Road Trip to Grand Teton National Park

In September 2012 my mother and I took a road trip to visit her aunt Dottie and some of her first cousins in Idaho Falls. We had planned to do a half week of genealogy research at the Family History Library in Salt Lake City, and then rent a car to drive to Idaho Falls since it was less than three hours away.

Mom had not seen her aunt since the 1990s and the cousins since she was about age 15. I had only a foggy memory of my great aunt from the 1980s when she and my great uncle visited my childhood home on a brief stop through town; I had never even met my first cousins, once removed—only knowing their names from my genealogy database. We thought the visit would be the perfect opportunity to give information about the research we were conducting on our shared Anderson line, as well as to scan some of the photos of our common ancestors and collateral lines.

One of the highlights of the three-day visit was getting to spend an extended amount of time in the car visiting with my then 88-year old great aunt as we drove to see the Grand Tetons. We departed Idaho Falls to drive the two hours to Jackson Hole, Wyoming, located just south of Grand Teton National Park. The view was spectacular! The whole region, including areas outside the park along Palisades Reservoir, had trees adorned with beautiful fall colors.

Grand Teton National Park plaque

Because we came and went two different ways, I was able to get different views of the Grand Tetons. We even stopped at a few scenic pull-outs where I was able to take various photos. I learned that the Grand Teton National Park was originally established on 26 February 1929—in fact, 85 years ago from today—before it was later expanded on 14 September 1950 to 310,000 acres, including Jackson Hole, the Snake River, and other resources.

Although we did not do any hiking since my great aunt was confined to a wheelchair, the view alone was worth the drive. But the best part about the drive was hearing Dottie’s stories.

Landscape near Jackson Hole, Wyoming    View of Grand Tetons

I learned how Dottie felt as a young bride to receive news that her husband had been wounded and taken prisoner of war somewhere near Bastogne, Belgium during the Battle of the Bulge in World War II, and about the long wait she endured before he was finally returned home with a permanent disability.  I heard a tale for the first time about Dottie’s father-in-law (my great-grandfather) riding a stagecoach across Yellowstone to Montana as a young man in the early 1910s and purchasing land there before moving to North Dakota—who knew?  I also learned that my great-grandparents raised a foster daughter in the 1930s—a fact that had gone completely undocumented in my version of the family history until that moment.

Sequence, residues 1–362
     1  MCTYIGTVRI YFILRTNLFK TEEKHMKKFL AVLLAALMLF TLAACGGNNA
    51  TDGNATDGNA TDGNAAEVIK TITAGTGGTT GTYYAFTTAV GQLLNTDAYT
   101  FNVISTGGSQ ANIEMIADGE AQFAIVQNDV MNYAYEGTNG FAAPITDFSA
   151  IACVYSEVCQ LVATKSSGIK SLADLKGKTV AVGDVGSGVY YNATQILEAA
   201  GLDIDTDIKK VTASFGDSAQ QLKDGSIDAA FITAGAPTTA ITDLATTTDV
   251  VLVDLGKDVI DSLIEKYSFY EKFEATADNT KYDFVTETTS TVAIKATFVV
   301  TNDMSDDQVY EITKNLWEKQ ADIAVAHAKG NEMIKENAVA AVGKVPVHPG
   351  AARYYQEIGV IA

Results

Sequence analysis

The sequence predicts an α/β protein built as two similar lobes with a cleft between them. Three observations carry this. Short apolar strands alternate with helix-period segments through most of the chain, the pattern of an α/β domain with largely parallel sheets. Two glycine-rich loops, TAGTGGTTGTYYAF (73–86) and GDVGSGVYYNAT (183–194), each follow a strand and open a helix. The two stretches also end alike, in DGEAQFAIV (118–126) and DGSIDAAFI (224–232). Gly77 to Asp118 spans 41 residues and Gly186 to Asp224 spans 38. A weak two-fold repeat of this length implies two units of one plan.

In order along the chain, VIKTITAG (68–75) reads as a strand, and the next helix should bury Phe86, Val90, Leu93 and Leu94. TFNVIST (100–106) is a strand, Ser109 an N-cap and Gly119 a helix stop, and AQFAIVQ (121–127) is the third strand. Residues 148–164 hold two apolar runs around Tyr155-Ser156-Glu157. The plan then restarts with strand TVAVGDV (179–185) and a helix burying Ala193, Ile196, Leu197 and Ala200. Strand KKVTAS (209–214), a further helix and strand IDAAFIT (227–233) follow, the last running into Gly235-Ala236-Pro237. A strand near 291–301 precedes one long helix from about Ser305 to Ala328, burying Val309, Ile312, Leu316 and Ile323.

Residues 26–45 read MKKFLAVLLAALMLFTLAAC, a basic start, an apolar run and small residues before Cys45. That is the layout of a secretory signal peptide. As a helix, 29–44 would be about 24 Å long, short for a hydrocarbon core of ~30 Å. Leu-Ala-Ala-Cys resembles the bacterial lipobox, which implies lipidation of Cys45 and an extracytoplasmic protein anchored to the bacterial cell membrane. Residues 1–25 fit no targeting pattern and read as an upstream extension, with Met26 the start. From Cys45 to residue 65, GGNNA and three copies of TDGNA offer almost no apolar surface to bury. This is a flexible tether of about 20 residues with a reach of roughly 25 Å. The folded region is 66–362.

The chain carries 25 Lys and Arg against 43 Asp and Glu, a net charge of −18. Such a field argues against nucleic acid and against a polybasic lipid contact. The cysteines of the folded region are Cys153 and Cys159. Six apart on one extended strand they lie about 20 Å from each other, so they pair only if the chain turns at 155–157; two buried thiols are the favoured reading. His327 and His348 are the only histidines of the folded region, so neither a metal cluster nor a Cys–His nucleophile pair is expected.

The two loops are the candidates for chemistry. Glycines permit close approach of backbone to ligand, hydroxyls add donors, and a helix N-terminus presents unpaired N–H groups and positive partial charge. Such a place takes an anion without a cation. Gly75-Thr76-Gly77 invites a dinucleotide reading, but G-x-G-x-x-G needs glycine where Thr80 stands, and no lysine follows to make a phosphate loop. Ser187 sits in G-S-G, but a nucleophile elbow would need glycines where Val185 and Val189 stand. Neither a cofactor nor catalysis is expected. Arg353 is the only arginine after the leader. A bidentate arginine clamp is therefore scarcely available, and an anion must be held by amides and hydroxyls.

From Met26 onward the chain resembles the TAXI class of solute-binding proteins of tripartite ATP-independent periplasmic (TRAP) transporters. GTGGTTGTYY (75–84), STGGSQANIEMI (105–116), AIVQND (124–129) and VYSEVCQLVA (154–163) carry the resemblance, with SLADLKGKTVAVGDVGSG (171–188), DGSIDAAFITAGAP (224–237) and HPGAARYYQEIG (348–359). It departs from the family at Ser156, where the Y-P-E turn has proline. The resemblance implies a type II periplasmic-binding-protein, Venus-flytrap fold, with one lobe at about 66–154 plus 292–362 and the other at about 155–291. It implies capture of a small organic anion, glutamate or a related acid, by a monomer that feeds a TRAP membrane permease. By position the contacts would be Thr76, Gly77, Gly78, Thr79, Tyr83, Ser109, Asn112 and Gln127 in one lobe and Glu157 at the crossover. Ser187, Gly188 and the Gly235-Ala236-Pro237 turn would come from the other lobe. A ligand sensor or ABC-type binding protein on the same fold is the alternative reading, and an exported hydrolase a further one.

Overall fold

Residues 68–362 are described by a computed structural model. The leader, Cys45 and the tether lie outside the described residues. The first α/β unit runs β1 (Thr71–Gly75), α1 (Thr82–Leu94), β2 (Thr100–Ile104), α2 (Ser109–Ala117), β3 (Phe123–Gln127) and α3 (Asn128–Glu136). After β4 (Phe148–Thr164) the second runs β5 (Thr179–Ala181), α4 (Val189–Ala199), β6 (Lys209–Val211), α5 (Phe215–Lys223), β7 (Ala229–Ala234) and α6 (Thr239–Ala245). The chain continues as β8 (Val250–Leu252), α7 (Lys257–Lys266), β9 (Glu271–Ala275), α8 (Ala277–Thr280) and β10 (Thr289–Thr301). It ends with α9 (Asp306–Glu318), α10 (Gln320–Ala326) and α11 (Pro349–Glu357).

As Dottie told her stories during the 4+ hour car ride, I was able to record them with a digital voice recorder that captured the audio recording in MP3 format.  The conversation flowed naturally and at times strayed to present-day commentary, such as explaining to me what a “spud hall” or potato cellar was.  I was able to capture Dottie’s personality as her stories unfolded, and although the recordings were not professional quality, they were perfect for the moment.Now in February 2014, reflecting back on those memories only several weeks after my sweet great aunt Dottie passed away, I am so glad that I was able to have extended time with her to record her memories.

I’m in the process of editing some of the longer audio clips into MP3 files of individual stories so I can upload them to my account on the Saving Memories Forever website. After uploading these MP3 files, I can easily announce that I have added new stories and share them with my family and Dottie’s children.  It is priceless to have Dottie’s voice recorded now that she is gone.

Every time I think of the Grand Tetons, I will remember my great aunt Dottie and how her eyes lit up when she told her stories.  I hope to return to the national park in the future so I can explore more of the landscape that Dottie had grown to love while living in the region. Although Dottie is no longer with us, her stories and memories will endure.

Deena Coutant headshotDeena Coutant is a professional genealogist specializing in the use of technology to facilitate successful search, storage and sharing strategies for family historians in the digital age. For more information visit DigiDeena Consulting www.digideena.com.

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